Sister Teresa eBook

This eBook from the Gutenberg Project consists of approximately 424 pages of information about Sister Teresa.

“But you will not come to England?” Beclere did not think it necessary to answer.  “But in France?  You will return to France some day?”

“Why should I?  Whom do I know in France? Je ne suis plus un des votres.  Qu’irais-je y faire? But we are not talking for the last time, Tahar has yet to arrive, he will be here to-morrow and we’ll go hunting; and after our hunting I hope to induce you to stop some while longer.  You see, you haven’t seen the desert; the desert isn’t the desert in spring.  To see the desert you will have to stop till July.  This sea of sand will then be a ring of fire, and that sky, now so mild, will be dark blue and the sun will hang like a furnace in the midst of it.  Stay here even till May and you will see the summer, chez lui.”

X

At the beginning of July Owen appeared on the frontiers of Egypt shrieking for a drink of clean water, and saying that the desire to drink clean water out of a glass represented everything he had to say for the moment about the desert; all the same, he continued to tell of fetid, stale, putrid wells, and of the haunting terror with which the Saharian starts in the morning lest he should find no water at the nearest watering-place, only a green scum fouled by the staling of horses and mules I Owen was as plain-spoken as Shakespeare, so Harding said once, defending his friend’s use of the word “sweat” instead of “perspiration.”  There was no doubt the language was deteriorating, becoming euphonistic; everybody was a euphonist except Owen, who talked of his belly openly, blurting out that he had vomited when he should have said he had been sick.  There were occasions when Harding did not spare Owen and laughed at his peculiarities; but there was always a certain friendliness in his malice, and Owen admired Harding’s intelligence and looked forward to a long evening with him almost as much as he had looked forward to a drink of clean water.  “It will be delightful to talk again to somebody who has seen a picture and read a book,” he said, leaning over the taff-rail of the steamer.  But this dinner did not happen the day he arrived in London—­Harding was out of town!  And Owen cursed his luck as he walked out of the doorway in Victoria Street.  “Staying with friends in the country!” he muttered.  “Good God! will he never weary of those country houses, tedious beyond measure—­with or without adultery,” he chuckled as he walked back to his club thinking out a full-length portrait of his friend—­a small man with high shoulders, a large overhanging forehead, walking on thin legs like one on stilts.  But Harding’s looks mattered little; what people sought Harding for was not for his personal appearance, nor even for his writings, though they were excellent, but for his culture.  A curious, clandestine little man with a warm heart despite the exterior.  Owen had seen Harding’s eyes nil with tears and his voice tremble when he recited a beautiful passage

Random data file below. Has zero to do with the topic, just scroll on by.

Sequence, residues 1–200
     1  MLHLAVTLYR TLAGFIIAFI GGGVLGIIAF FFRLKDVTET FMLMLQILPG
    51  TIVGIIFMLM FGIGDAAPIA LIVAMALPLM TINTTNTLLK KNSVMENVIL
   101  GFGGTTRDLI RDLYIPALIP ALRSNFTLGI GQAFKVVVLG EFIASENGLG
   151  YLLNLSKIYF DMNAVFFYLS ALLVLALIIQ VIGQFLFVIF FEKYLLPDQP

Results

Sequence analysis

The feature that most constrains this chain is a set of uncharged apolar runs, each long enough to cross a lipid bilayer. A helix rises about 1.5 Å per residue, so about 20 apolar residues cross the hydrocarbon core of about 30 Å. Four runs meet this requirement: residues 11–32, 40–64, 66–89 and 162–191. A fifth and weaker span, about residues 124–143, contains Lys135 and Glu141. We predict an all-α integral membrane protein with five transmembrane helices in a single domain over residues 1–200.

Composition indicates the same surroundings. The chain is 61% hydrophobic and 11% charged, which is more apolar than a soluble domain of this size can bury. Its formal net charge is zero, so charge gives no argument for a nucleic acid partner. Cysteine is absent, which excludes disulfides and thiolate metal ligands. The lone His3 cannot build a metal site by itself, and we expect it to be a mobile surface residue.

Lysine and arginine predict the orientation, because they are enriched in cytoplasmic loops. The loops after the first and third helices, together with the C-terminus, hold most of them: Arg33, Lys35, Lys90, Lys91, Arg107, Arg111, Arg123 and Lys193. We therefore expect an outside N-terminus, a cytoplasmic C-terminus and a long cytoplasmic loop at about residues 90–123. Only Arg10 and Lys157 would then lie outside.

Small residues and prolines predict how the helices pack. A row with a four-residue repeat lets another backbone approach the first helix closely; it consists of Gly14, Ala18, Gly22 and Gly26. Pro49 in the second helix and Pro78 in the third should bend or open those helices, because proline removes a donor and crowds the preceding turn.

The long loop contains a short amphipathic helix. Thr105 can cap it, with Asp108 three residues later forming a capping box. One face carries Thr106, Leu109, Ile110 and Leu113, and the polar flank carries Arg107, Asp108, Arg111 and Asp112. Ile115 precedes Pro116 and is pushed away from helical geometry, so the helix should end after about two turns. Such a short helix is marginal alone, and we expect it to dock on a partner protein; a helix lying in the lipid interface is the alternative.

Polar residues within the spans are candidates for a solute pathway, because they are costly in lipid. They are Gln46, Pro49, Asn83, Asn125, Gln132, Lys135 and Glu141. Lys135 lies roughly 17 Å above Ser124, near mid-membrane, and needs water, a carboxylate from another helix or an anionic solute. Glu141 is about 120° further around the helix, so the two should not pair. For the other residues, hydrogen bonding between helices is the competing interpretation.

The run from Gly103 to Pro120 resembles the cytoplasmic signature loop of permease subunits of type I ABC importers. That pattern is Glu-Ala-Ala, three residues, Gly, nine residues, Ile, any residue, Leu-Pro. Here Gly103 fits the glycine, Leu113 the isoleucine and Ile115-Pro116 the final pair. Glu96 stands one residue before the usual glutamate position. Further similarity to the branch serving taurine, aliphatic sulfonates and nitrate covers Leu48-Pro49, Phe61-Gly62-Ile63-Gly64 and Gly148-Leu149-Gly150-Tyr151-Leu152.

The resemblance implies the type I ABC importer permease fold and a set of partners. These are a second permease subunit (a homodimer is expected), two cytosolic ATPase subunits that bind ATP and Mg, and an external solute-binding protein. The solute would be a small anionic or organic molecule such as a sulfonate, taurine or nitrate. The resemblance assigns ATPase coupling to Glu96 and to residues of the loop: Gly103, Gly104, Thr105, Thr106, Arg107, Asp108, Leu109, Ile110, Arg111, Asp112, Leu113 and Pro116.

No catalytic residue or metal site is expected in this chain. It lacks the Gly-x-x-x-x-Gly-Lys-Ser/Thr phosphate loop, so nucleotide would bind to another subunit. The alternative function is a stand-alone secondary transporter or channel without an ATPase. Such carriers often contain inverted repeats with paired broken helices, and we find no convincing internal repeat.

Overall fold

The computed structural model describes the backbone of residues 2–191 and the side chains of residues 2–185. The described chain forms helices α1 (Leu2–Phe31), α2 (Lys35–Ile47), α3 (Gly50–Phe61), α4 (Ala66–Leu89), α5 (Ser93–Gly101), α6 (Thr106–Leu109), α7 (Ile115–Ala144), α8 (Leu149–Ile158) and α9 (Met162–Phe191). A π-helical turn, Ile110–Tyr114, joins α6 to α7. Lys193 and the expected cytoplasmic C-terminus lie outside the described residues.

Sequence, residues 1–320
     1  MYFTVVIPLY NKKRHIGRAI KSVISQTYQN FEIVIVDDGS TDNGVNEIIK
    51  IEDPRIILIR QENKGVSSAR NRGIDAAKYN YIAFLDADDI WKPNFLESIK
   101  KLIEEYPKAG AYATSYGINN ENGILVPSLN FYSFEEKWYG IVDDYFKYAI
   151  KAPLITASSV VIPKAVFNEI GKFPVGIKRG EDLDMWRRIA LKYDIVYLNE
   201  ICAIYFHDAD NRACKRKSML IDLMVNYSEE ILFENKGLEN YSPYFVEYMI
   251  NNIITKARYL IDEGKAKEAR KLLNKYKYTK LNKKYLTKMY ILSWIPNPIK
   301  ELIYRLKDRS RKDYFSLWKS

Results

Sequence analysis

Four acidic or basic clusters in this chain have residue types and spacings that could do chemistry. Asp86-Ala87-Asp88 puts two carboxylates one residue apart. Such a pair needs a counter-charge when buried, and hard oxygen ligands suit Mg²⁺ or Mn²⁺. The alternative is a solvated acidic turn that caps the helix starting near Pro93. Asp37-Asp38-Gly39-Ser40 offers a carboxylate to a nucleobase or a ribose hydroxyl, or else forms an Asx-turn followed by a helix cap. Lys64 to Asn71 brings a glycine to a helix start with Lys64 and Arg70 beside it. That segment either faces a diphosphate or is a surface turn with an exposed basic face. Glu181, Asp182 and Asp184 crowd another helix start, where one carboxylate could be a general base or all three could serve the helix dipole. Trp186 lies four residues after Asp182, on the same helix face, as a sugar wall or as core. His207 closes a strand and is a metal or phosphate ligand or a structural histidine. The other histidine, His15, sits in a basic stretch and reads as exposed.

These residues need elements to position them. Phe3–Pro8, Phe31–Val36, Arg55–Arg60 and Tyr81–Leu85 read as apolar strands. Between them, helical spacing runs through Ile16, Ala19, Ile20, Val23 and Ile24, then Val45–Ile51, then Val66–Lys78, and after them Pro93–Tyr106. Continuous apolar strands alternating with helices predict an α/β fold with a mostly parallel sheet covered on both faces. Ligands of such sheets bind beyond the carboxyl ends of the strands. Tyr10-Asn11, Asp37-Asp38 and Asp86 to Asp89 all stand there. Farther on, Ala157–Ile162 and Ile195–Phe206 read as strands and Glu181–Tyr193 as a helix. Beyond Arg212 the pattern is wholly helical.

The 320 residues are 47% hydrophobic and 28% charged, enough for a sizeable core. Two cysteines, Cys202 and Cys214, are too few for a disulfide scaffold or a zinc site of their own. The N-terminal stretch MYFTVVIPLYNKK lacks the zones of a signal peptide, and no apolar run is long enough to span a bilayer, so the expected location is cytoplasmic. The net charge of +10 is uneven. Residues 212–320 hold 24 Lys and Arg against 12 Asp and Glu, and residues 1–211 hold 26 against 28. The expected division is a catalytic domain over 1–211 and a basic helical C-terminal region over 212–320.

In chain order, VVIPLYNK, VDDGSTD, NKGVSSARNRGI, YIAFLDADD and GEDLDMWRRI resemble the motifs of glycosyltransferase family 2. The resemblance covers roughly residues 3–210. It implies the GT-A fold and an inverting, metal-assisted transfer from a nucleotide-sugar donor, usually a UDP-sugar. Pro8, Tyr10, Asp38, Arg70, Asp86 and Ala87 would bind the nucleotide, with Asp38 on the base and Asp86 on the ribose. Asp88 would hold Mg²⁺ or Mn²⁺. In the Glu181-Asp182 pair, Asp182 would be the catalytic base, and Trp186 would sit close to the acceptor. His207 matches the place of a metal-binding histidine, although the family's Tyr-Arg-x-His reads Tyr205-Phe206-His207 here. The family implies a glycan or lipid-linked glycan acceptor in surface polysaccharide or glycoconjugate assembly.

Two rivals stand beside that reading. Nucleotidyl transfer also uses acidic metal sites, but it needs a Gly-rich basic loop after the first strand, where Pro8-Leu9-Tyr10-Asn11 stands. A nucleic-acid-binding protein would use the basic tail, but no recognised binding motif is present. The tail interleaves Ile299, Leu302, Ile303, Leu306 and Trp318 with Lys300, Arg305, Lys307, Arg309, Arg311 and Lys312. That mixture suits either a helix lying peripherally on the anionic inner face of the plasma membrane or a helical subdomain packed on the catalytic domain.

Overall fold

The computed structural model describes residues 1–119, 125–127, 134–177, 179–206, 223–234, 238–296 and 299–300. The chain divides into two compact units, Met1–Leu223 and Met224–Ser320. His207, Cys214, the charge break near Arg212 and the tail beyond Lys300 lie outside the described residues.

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Sister Teresa from Project Gutenberg. Public domain.
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